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NCJ Number: 211661 Find in a Library
Title: Gender and Youth Offending
Author(s): David Smith; Lesley McAra
Date Published: 2004
Page Count: 24
Sponsoring Agency: University of Edinburgh, Centre for Law and Society
Edinburgh EH8 9YL, United Kingdom
Sale Source: University of Edinburgh, Centre for Law and Society
Old College
Edinburgh EH8 9YL,
United Kingdom
Document: PDF
Type: Report (Study/Research)
Format: Document (Online)
Language: English
Country: United Kingdom
Annotation: Drawing on findings from the Edinburgh (Scotland) Study of Youth Transitions and Crime (the Edinburgh Study), this paper explores the relationship between gender and offending patterns of youth ages 12-15.
Abstract: The Edinburgh Study was a longitudinal research program that explored pathways into and out of offending among a single cohort of youth who began secondary school in Edinburgh in 1998. The study found a significant difference between boys and girls in levels of serious delinquency, but a relatively small difference in levels of delinquency in general, including minor as well as serious incidents. Delinquency increased sharply in sweeps one to three (ages 12 to 14), but then declined. The increase was greater among girls than boys, so the gender gap in offending was the narrowest around age 14, followed by an increase in boys' offending compared to girls. Delinquency that most often involved girls included thefts from home, writing graffiti, and truancy. Carrying a weapon, breaking into houses, robbery, theft from cars, and cruelty to animals were much more common among boys. The explanatory model for general delinquency was found to be much the same for boys and girls. The higher rates of general delinquency among boys compared to girls was due largely to situational opportunities, peer influence, and weakened social conditioning and moral beliefs. At age 15, boys remained significantly more likely to be involved in serious delinquency, even after taking into account 20 explanatory variables. This suggests that the difference in serious delinquency between boys and girls was due to a factor or factors not measured in the study. These findings are consistent with the theory that general delinquency tends to be limited to the period of adolescence; whereas, serious offending is more likely to persist throughout the life course, caused by deep-seated neuropsychological deficits more common in boys than girls. 4 tables, 10 figures, and 11 references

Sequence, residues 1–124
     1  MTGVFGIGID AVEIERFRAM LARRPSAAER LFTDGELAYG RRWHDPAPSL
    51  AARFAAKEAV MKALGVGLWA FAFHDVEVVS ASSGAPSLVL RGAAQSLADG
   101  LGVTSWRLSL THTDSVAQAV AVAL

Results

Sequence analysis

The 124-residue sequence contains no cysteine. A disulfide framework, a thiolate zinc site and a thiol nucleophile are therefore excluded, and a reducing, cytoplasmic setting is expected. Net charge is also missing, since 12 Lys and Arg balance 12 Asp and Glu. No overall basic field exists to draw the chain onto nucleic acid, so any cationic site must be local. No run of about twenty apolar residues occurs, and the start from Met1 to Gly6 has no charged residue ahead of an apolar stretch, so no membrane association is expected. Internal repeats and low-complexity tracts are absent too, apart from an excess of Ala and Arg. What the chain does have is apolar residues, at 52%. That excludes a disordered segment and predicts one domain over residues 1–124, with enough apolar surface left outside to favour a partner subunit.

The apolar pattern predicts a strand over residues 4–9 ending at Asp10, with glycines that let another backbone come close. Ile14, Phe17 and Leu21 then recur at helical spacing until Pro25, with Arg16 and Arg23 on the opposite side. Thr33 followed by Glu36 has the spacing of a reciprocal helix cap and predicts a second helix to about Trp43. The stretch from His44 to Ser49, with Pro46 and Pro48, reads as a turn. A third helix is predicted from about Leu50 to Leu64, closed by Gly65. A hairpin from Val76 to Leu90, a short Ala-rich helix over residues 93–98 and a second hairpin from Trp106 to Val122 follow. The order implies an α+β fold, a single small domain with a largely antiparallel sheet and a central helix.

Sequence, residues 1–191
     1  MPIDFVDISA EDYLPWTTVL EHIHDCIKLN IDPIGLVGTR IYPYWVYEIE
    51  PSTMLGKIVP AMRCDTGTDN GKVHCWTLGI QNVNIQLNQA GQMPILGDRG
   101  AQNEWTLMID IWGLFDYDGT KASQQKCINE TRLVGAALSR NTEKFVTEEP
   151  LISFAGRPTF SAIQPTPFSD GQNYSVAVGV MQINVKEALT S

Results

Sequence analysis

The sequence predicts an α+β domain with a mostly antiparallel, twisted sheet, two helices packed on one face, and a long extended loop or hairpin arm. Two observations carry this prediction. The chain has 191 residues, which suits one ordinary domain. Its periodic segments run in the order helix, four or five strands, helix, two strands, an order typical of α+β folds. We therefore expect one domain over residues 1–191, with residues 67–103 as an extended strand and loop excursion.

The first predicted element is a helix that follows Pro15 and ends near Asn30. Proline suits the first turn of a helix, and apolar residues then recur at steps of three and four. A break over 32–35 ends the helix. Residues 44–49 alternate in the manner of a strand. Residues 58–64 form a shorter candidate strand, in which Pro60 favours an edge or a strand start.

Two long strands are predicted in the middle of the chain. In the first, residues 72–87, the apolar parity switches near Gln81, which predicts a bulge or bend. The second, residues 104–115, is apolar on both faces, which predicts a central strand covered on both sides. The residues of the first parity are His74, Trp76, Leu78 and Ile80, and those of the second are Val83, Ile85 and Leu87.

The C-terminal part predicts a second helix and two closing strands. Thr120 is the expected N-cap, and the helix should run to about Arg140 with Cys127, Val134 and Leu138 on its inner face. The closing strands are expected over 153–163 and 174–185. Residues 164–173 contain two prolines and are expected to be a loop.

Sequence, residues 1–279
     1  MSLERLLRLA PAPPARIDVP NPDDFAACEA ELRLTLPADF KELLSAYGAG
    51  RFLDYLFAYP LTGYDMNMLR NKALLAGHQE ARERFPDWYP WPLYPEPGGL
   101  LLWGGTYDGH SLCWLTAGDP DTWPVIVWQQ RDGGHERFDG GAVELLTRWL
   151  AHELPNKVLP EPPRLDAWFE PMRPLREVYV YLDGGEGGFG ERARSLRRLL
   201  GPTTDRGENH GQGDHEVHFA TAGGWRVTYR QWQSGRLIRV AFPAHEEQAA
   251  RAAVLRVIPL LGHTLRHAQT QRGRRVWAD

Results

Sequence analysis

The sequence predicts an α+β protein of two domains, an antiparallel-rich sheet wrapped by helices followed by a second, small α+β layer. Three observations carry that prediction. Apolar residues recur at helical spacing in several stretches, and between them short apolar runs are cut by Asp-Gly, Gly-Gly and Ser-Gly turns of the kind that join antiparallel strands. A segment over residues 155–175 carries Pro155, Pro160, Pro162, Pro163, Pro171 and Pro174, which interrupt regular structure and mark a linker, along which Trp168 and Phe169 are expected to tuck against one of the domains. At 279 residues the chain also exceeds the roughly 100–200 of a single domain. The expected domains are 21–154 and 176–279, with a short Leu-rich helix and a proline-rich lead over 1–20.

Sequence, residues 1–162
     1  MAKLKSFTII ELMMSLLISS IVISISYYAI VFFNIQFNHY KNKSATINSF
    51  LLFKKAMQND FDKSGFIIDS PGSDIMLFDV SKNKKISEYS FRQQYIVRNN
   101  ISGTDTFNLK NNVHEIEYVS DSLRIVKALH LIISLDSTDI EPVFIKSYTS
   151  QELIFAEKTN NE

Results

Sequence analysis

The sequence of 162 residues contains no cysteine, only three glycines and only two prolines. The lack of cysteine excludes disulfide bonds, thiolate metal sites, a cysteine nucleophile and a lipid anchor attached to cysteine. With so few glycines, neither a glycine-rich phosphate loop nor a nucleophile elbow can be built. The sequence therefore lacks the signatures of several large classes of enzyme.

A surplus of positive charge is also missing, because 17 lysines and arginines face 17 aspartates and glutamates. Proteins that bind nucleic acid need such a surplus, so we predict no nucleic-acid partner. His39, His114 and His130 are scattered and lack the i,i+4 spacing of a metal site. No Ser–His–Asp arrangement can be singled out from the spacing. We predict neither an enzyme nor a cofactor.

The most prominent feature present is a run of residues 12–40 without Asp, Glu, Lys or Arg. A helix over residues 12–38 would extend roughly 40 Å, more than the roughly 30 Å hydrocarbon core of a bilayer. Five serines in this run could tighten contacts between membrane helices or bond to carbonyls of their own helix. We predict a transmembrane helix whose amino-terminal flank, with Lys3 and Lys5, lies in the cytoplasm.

Main Term(s): Juvenile delinquency factors
Index Term(s): Criminal career patterns; Foreign criminal justice research; Foreign juvenile delinquency; Gender issues; Juvenile crime patterns; Longitudinal studies; Male female juvenile offender comparisons; Serious juvenile offenders
Note: The Edinburgh Study of Youth Transitions and Crime, No. 2; downloaded October 14, 2005.
To cite this abstract, use the following link:
http://www.ncjrs.gov/App/publications/abstract.aspx?ID=232940

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